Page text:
The Compton Creek Low Flow Diversion Program is a prime example of how infrastructure projects can successfully address these inequities. Situated in a historically underserved area of Los Angeles County, the program aims to divert and treat urban runoff from Compton Creek before it reaches the Los Angeles River, thus preventing pollution from contaminating local waterways. By treating and redirecting this runoff, the project improves water quality and contributes to the community's health and well-being. More projects like these could help with the water quality plaguing many parts of California. 

Unique challenges and opportunities in the Golden State 

Los Angeles faces unique water management challenges due to its diverse microclimates and extensive geographical spread. The region's varied climate zones, from coastal areas to urban centers and mountainous regions, necessitate highly tailored stormwater management solutions to address specific environmental and urban development needs. This geographic diversity means strategies effective in one area may not be suitable in another, requiring a customized approach to stormwater capture, treatment and reuse to ensure sustainability and resilience across the city and region. 

Adding to this complexity, Los Angeles is increasingly at risk of mudslides, exacerbated by a combination of drought conditions, dead vegetation, and impacts from increasing wildfires in the area. These natural disasters are not only a direct threat to lives and property but also complicate water management efforts by altering landscapes and water flow patterns. The importance of stormwater management plays a critical role in capturing and containing runoff, sediment and debris that accumulate from burn areas and increase the risk of mudslides. Moreover, in wildfire-prone areas, implementing specific engineering solutions like building retaining walls and other erosion control features is crucial. These measures help stabilize slopes and protect communities from the devastating impacts of mudslides, illustrating the delicate balance of managing water resources while mitigating natural disaster risks.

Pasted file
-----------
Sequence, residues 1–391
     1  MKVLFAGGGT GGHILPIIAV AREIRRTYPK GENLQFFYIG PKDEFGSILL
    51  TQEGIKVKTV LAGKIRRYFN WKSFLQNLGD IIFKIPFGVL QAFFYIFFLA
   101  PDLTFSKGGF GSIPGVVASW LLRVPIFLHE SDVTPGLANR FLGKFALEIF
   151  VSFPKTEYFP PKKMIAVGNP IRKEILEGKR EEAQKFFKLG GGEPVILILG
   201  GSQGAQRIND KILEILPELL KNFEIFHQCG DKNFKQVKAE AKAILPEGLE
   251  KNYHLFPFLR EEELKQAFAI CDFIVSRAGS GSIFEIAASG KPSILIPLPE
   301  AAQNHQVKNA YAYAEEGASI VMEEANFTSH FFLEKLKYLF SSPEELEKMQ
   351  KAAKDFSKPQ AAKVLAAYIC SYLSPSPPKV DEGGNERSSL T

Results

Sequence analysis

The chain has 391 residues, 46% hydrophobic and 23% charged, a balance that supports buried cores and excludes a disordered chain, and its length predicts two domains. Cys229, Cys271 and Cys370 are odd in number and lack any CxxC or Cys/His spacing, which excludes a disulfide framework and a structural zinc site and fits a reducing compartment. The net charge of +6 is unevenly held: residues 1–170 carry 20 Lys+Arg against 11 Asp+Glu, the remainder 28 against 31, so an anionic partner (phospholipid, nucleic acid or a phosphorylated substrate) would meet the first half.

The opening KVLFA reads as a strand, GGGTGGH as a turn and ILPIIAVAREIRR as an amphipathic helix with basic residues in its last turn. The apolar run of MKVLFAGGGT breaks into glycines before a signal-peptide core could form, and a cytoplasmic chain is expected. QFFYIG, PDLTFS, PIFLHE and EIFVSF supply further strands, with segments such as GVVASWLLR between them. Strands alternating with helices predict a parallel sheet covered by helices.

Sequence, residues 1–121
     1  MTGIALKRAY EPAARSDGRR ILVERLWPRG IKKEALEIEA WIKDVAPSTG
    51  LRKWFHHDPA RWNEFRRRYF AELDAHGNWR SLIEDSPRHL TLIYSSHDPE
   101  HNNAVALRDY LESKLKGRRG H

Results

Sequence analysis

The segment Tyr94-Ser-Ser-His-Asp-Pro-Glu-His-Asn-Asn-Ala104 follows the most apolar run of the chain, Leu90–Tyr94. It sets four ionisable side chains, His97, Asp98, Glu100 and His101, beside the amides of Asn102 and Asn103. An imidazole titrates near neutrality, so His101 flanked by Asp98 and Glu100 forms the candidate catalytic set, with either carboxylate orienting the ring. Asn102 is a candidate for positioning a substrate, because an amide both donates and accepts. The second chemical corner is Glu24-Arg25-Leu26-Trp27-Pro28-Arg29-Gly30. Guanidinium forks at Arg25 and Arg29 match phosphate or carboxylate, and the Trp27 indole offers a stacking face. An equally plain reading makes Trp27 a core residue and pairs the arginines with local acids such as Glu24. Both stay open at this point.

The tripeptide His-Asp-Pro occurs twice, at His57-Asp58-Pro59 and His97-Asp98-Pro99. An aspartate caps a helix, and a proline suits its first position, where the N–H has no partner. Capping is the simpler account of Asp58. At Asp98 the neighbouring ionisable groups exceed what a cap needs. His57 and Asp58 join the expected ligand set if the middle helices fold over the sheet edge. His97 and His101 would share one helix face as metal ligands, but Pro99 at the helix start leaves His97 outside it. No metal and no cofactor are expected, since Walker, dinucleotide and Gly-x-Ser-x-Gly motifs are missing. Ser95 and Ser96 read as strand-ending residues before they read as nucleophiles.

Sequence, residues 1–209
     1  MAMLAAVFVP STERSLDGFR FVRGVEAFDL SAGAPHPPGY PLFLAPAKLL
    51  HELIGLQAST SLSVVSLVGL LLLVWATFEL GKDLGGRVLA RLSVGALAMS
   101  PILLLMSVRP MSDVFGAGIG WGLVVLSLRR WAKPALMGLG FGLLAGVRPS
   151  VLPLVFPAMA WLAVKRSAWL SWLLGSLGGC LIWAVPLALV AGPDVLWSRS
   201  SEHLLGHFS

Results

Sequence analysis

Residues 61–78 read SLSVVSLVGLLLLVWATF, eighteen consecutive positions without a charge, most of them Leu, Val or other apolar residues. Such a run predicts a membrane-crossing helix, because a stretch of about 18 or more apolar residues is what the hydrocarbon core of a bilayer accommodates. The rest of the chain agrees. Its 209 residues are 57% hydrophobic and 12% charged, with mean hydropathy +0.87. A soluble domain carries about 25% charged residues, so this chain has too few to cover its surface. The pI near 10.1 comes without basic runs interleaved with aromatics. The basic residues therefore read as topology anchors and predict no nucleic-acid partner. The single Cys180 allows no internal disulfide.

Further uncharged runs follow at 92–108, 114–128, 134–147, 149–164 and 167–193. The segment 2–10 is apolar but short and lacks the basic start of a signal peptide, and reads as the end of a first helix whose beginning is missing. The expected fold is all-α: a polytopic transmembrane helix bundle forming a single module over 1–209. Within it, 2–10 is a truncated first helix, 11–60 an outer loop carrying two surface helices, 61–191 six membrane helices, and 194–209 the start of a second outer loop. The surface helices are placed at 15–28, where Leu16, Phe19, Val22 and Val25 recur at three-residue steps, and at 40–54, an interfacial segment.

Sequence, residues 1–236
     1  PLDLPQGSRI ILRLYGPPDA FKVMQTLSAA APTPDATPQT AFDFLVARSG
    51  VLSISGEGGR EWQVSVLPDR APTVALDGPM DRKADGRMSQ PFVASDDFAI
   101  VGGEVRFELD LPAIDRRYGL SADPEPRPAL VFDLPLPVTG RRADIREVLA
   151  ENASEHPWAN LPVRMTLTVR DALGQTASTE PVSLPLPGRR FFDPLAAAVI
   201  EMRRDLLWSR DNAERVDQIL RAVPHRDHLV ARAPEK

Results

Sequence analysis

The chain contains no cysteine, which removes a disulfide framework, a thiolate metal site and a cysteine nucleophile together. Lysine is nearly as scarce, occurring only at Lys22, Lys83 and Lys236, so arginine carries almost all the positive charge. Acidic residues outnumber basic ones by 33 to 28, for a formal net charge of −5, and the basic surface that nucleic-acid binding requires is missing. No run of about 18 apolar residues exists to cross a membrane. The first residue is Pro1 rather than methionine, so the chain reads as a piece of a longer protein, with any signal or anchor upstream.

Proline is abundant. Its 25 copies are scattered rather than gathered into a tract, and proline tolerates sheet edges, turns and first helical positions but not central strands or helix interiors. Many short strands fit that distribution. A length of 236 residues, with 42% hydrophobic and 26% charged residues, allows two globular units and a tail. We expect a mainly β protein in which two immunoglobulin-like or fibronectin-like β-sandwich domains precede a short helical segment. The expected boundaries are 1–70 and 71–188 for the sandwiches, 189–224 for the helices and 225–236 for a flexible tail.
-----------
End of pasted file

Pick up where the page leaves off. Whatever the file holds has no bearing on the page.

Planning for the now and what’s next 

The industry has seen the benefits of effective stormwater management and the consequences when effective water management planning and strategies are not considered.  

Establishing resilient water infrastructure is highly beneficial to communities everywhere. But what are the specific outcomes of this more resilient approach? 

Increased water availability

By implementing advanced stormwater capture and reuse systems, we can help cities mitigate the impacts of drought, ensuring a more sustainable water supply for communities and ecosystems. 

Improved management of stormwater runoff during flood events

The innovative designs and solutions that are being implemented in effective water management approaches today reduce the risk of flooding, protecting property and lives while minimizing the economic and environmental costs associated with flood damage. 

Enhanced water quality through multi-benefit projects

These holistic projects not only address flood risk and water scarcity but also enhance water quality, contributing to healthier urban waterways and ecosystems. 

A meaningful project

The Sites Reservoir project in Northern California is an example of a large project that will meaningfully enhance water infrastructure resiliency in California. Designed to capture excess water from major storms and store it for times of scarcity, it can provide a reliable water supply for communities, farms, and businesses, improve water quality, and contribute to flood management and environmental conservation. It aims to create an additional 1.5 million acre-feet of off-stream storage for these drier periods, and this reservoir will increase the flexibility, reliability, and resiliency of statewide water supplies. 

In the future, projects of this nature will become increasingly important and eventually non-negotiable as we consider ways to further strengthen our ability to manage water effectively. 

Implementation cannot wait 

Advancing stormwater management is crucial to building resilient infrastructure capable of withstanding the impacts of climate change. Millions of Americans face issues related to water scarcity, pollution and other inadequacies. Real action driving innovation, investment, and collaboration in the arena of stormwater management is essential as we seek to safeguard our water resources against the challenge of climate change. Ultimately, this is how we will create a path to reliable and equitable access to our most precious resource, for generations to come. 

About the Author

Jimmy Medellin

Jimmy Medellin is an Engineering and Project Manager for AECOM’s US West Water Business.